In the second part of Dr. Gillin’s letter he implies that if Chiang Kai-shek had not sent his best troops to Manchuria and if he had not tried to crush Yen Hsi-shan and other potential allies he might still have won in 1945. On the first point I feel I must leap to Chiang’s defense. He had to send troops to Manchuria. In war-devastated China the relatively undamaged plant in Manchuria probably made up over 80 percent of Chinese heavy industrial capacity. He was also convinced—wrongly—that the Russians who were occupying Manchuria were working hand in glove with the Chinese Communists. Finally, and in my view this was crucial, Chiang had to be a national leader or he was nothing. If he failed in this he would be seen by China and the world to be a mere warlord. As “leader of China” it was essential he assert himself in Manchuria which foreigners had been trying to prize away from China for the previous fifty years. If he was to stake a claim in Manchuria only his best American trained troops could make good use of the American air transport provided and only these could hope to withstand the Communists.
If Chiang was forced to overextend his military power it is no mere chance that he failed to build a united front of non-Communists. Violent conflict is inherent in warlordism. Lacking a strong positive ideology, and built up on flimsy networks of personal loyalty, it has nothing to make it coherent. Despite his national pretensions it seems to me more useful to look at Chiang as a powerful and immensely skillful warlord. Thus it seems to me to have been inevitable both that Chiang should try to crush his non-Communist rivals and that he should fail to do so.
I agree with Dr. Gillin’s contention that popular mass movements are not always capable of resisting violent repression. There are far too many examples to the contrary. I merely maintain that they cannot be beaten in east Asian countries with a tradition of peasant rebellion in which well-organized revolutionaries have gained support and devotion from large sections of the population. I also agree with Donald Gillin’s important implication that when writing on China in the 1940s we are really thinking about Vietnam today. I further admit that when I want something to happen as passionately as I want the Vietnamese to defeat the Americans, it affects my judgment of events there—and my interpretation of Chinese history. However over the last eight years, predictions of Vietnamese success based on this amalgam of passion and detachment seem to have been borne out by events better than those of men whose passions are on the other side or who claim to be “objective.”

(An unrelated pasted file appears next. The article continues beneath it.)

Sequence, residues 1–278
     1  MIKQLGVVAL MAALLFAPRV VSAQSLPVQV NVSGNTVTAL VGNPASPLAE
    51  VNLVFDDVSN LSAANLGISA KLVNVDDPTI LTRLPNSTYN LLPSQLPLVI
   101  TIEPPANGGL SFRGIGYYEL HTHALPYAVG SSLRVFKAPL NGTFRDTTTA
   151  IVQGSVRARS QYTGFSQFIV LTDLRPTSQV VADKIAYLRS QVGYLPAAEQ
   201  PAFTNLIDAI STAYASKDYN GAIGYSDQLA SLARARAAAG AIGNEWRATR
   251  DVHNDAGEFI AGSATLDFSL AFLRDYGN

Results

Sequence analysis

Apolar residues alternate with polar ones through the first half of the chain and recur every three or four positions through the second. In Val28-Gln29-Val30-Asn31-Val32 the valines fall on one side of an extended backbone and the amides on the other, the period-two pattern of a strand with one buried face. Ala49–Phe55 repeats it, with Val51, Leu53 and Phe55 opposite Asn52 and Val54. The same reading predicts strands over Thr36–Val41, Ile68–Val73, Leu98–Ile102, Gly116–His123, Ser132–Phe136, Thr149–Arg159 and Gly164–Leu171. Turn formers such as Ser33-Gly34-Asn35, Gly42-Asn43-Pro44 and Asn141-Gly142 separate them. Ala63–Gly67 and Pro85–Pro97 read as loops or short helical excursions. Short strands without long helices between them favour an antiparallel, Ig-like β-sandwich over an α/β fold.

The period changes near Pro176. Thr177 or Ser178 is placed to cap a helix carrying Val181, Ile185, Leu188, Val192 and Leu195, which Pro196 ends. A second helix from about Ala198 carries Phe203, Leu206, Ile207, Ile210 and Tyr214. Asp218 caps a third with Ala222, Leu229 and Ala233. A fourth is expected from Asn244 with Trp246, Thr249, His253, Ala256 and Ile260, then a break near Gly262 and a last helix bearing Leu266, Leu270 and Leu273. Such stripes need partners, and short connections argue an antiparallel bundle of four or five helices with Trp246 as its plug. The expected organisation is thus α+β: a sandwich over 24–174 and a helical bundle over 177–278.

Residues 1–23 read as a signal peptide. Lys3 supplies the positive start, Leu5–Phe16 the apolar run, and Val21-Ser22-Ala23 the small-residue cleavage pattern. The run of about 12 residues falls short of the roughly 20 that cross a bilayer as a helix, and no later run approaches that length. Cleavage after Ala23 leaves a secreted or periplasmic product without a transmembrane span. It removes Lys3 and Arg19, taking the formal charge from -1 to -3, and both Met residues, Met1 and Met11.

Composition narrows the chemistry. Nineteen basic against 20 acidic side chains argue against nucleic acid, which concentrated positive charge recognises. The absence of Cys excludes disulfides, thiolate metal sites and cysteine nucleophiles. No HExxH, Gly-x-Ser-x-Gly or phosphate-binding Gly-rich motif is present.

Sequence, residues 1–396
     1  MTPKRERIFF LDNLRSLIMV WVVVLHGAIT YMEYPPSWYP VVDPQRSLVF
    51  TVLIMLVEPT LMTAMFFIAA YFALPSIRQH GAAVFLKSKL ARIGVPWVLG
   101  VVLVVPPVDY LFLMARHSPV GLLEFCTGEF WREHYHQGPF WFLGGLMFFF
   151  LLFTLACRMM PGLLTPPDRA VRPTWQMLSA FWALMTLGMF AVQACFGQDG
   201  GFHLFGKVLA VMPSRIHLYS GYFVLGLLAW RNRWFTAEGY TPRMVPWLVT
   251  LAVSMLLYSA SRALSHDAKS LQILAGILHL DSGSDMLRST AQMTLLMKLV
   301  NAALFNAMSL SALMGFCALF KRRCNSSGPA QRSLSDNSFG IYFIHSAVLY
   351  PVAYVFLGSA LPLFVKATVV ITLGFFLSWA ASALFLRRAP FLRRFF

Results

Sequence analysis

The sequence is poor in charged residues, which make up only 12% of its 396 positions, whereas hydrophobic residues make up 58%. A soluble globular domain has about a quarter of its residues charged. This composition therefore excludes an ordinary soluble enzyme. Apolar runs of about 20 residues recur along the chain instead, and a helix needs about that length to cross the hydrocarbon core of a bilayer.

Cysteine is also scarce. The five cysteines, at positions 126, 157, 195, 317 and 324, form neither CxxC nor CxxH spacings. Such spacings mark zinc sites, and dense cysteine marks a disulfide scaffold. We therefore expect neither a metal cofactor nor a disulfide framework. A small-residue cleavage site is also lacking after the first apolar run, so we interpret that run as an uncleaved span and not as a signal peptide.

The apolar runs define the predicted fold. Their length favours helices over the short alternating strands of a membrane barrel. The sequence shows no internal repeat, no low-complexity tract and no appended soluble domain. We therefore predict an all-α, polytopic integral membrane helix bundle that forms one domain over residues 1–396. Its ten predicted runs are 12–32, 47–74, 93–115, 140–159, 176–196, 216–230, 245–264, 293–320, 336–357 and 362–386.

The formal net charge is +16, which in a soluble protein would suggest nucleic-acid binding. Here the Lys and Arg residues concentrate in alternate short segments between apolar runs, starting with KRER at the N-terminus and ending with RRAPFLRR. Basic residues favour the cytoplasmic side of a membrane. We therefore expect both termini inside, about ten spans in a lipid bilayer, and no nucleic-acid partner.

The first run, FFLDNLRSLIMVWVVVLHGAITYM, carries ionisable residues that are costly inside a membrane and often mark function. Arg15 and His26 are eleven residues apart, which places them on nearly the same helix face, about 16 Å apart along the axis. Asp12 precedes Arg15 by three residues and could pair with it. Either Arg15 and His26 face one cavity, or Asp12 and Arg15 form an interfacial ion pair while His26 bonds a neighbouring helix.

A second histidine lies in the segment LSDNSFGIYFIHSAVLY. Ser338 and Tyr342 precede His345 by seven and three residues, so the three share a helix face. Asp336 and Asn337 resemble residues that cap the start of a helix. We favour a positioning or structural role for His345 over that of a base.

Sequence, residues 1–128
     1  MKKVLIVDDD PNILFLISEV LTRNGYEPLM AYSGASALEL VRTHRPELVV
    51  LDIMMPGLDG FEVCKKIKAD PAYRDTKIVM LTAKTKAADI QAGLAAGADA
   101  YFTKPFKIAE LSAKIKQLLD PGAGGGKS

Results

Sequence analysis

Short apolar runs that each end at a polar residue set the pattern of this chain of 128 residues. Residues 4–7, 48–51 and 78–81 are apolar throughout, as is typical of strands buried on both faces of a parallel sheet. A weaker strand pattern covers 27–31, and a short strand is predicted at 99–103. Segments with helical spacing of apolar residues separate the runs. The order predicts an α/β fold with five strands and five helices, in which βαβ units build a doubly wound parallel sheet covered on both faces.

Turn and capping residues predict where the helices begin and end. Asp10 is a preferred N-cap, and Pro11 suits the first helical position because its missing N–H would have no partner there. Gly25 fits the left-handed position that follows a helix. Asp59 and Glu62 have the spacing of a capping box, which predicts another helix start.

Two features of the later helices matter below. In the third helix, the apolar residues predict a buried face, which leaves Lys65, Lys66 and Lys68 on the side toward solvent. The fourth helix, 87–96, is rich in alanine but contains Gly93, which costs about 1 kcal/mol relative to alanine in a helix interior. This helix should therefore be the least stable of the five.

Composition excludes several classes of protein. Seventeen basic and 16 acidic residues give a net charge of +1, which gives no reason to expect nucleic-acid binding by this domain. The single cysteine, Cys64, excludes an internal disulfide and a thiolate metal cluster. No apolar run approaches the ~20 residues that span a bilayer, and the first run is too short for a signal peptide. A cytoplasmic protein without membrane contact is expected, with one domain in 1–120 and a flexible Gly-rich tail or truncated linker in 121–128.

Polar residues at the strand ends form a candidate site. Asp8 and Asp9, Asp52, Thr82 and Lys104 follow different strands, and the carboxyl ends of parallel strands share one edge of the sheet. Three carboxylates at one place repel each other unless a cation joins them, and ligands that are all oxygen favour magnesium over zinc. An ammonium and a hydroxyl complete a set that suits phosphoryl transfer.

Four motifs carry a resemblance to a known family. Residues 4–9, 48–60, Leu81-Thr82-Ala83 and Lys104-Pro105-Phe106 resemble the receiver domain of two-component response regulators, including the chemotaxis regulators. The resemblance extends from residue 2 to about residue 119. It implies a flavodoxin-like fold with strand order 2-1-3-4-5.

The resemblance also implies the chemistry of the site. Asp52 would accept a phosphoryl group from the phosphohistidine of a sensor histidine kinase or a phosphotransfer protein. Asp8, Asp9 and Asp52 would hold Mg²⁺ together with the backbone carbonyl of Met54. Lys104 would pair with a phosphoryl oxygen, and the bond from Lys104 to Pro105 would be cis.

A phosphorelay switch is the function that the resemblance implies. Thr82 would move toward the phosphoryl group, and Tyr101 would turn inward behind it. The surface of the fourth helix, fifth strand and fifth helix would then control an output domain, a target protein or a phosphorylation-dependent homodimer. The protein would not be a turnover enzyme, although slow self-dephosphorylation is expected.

There is one important proviso to my conviction that the NLF will win. That is the question of genocide. If America were prepared to kill more than two-thirds of the population of South Vietnam she could still have a “victory.” Up to now American genocide has been of the Japanese tactical type. Nonnuclear bombing and kill all, burn all, loot all operations that have made millions homeless have only killed a few hundred thousand. But, unlike Japan in the 1940s, America today has the means of strategic genocide. While I am sure that Mr. Nixon would be prepared to kill the necessary ten to twelve million people in order to maintain his faltering prowess, so far outside pressures have prevented this. Let’s try to keep it that way.